• Repairing saves money and often lasts longer than replacing.  Your old windows are hard to raise and you need to put a stick in the track to hold them up?  Fix them!  You just need to open up the trim and attach new rope to the weights.  Add some weather stripping and new storm windows if they're drafty.  It'll save you more money than you think because you won't have to replace your new vinyl windows yet again in 20 years when they cloud up.
  • Buildings shouldn't be considered consumables.  A well-maintained old building can last hundreds of years.  The materials and workmanship used to construct old buildings are often not available anymore.  The dimensional lumber, hand-formed bricks, old-growth wood, and other materials are far superior to what is available today and will likely last longer than most buildings constructed today of less robust materials.  Why spend the money to bulldoze a perfectly viable building built of high quality materials for something built from lower quality materials?  Rehabilitate, reuse, don't bulldoze.
Preservationists get it.  Spend a little time or money now, save lots of time and money later.  Now if we can just break the rest of America from reactive and consumptive habits...

Monday, April 4, 2011

We Need More Historic Building Tradespeople!

I may have mentioned before that it is nearly impossible to find anyone in our area that knows how to work on an old house (or new one for that matter, but that's another story).  In addition to working on our own rehabilitation projects, we are both museum directors responsible for historic house museums and their upkeep.  At home, we can take things apart, work on them, put them back together, and learn during the process. At work, it's not our responsibility (thank Heavens!) to fix bubbling plaster or make the windows functional again. But, that means we have to find someone who can.  And not just someone who can, but someone who knows what they are doing.

We may live in Virginia, but we are far from Jamestown, Williamsburg, Richmond, and the historic places where buildings matter.  We are in the mountainous southwestern part of the state that was settled much later than the east.  Our county has just celebrated its bicentennial.  The farther south and west you go, the younger the community.  And, for whatever reason, there isn't a reverence for historic buildings that translates to their upkeep.  People revere the land that their ancestors have owned for generations and will gladly point out their homeplace.  But, more often than not, that homeplace is falling to the ground.

So when it comes to finding someone to do plaster work, properly repoint brick, repair wooden windows, or replicate old woodwork, it's nearly impossible.  The trades consist of vinyl, vinyl, and more vinyl: siding, windows, porch columns...  Replace it don't fix it.  Just another example of our throw away society.  Throw away the old, dependable fixtures.  Throw away money.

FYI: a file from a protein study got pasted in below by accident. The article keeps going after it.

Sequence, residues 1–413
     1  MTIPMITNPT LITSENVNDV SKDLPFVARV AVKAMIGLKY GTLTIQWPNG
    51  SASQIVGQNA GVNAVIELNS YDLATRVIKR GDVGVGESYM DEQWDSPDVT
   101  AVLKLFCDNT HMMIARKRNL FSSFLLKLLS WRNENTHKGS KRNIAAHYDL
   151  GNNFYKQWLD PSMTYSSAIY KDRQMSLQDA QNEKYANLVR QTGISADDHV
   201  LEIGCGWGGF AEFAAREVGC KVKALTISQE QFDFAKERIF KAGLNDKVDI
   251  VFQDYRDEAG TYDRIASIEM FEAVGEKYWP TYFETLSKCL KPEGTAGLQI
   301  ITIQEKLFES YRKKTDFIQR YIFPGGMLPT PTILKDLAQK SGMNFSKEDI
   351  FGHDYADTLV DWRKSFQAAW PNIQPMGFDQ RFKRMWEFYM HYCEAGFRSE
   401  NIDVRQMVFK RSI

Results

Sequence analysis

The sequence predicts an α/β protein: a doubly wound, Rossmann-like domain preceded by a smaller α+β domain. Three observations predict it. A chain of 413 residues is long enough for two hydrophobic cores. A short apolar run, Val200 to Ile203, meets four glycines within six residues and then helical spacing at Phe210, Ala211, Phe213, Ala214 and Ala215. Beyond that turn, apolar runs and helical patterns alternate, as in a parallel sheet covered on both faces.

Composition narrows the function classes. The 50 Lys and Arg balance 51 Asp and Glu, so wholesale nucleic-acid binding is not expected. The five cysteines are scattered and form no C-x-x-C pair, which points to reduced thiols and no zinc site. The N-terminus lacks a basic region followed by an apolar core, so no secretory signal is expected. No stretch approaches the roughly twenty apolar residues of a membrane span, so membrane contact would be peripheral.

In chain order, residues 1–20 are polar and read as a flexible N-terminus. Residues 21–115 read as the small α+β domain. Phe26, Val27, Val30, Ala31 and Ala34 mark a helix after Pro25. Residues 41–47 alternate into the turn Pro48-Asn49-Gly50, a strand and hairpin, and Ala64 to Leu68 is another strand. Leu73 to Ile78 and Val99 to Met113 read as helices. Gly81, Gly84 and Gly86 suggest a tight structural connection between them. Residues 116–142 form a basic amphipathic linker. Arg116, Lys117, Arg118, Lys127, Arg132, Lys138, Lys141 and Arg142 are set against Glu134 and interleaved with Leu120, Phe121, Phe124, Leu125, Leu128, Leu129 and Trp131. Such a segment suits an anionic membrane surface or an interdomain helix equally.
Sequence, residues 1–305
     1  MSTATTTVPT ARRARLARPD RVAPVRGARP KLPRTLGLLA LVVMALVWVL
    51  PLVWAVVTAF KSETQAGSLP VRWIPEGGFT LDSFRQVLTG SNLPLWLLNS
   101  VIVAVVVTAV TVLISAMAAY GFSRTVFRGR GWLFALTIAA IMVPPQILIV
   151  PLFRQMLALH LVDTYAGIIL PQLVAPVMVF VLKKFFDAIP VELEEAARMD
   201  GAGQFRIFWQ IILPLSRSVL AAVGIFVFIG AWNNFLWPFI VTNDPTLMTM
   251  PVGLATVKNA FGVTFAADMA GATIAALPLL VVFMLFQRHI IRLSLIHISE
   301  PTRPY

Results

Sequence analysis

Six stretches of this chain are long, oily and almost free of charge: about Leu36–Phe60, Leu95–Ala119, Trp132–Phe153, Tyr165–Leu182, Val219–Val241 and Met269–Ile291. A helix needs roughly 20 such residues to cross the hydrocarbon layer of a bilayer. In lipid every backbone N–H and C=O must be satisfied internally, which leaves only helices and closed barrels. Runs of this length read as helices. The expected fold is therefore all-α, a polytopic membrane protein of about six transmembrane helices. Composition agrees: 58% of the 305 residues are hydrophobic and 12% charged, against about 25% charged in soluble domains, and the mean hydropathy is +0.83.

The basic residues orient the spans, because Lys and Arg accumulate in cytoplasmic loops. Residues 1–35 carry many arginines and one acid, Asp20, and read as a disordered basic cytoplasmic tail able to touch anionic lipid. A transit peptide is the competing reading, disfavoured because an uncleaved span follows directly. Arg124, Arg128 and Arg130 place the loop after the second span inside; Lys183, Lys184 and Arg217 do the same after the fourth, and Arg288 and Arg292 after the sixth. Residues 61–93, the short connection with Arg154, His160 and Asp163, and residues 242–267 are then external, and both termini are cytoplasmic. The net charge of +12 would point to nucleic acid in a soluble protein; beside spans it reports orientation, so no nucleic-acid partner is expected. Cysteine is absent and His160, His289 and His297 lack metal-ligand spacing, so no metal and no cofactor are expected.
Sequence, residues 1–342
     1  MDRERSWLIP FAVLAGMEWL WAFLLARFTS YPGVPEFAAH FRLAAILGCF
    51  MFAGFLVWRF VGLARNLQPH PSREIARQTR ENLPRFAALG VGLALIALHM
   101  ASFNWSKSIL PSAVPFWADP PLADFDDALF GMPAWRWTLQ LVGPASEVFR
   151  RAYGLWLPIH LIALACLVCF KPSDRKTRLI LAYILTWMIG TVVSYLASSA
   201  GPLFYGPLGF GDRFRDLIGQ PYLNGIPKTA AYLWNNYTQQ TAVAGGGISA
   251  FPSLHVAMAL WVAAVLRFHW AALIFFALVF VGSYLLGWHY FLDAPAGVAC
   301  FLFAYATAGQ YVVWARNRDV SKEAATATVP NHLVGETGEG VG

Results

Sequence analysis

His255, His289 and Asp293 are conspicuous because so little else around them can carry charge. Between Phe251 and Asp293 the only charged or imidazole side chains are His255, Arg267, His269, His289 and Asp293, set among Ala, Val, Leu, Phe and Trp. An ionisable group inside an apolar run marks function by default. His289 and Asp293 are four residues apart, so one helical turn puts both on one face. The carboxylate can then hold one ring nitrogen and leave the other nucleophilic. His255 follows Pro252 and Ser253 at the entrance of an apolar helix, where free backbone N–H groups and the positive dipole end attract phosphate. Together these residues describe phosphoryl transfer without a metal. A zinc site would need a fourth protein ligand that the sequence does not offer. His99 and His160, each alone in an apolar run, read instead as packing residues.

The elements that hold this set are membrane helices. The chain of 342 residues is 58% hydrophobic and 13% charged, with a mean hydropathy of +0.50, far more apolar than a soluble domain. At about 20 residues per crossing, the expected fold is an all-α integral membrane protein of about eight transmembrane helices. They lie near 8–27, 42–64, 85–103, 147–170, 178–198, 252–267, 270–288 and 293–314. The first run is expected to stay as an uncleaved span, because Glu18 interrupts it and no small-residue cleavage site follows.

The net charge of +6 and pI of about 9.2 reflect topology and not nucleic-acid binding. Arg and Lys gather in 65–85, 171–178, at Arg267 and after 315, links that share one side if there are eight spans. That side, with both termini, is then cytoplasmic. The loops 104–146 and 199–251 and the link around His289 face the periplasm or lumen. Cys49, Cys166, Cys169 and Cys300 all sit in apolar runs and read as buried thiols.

Our consumptive Walmart society is one problem.   The American view that all children must go to college to be successful is also problematic.  No matter that a person who is successful at a historic building trade is likely to make more over their lifetime than many college graduates and not spend their life paying back college loans.   There is an unfortunate stigma related to the trades, that can lead high school students who would be far happier working with their hands tackling a new preservation problem to a long, struggle through college classes and an unsatisfying desk job. 

And for those high school students who might want to pursue historic building trades, they probably don't know the opportunity exists.  In our area in particular, it is likely that students don't recognize that historic buildings are different than new construction.  If their school happens to have a technical track, it is likely they will build a new vinyl house with metal studs.  A two-pronged approach requires an understanding of the built environment and different types of construction, as well as the technical skills and critical thinking required to build or repair different types of buildings.  Until we can make the preservation trades a mainstream educational track, it will be difficult to find young people to replace the older generation and it will be come increasingly harder to find someone qualified to fix the amazing features of old and historic houses.  

Note: The Preservation Trades Network preserves and teaches historic building trades and is working to develop education initiatives to keep the trades alive.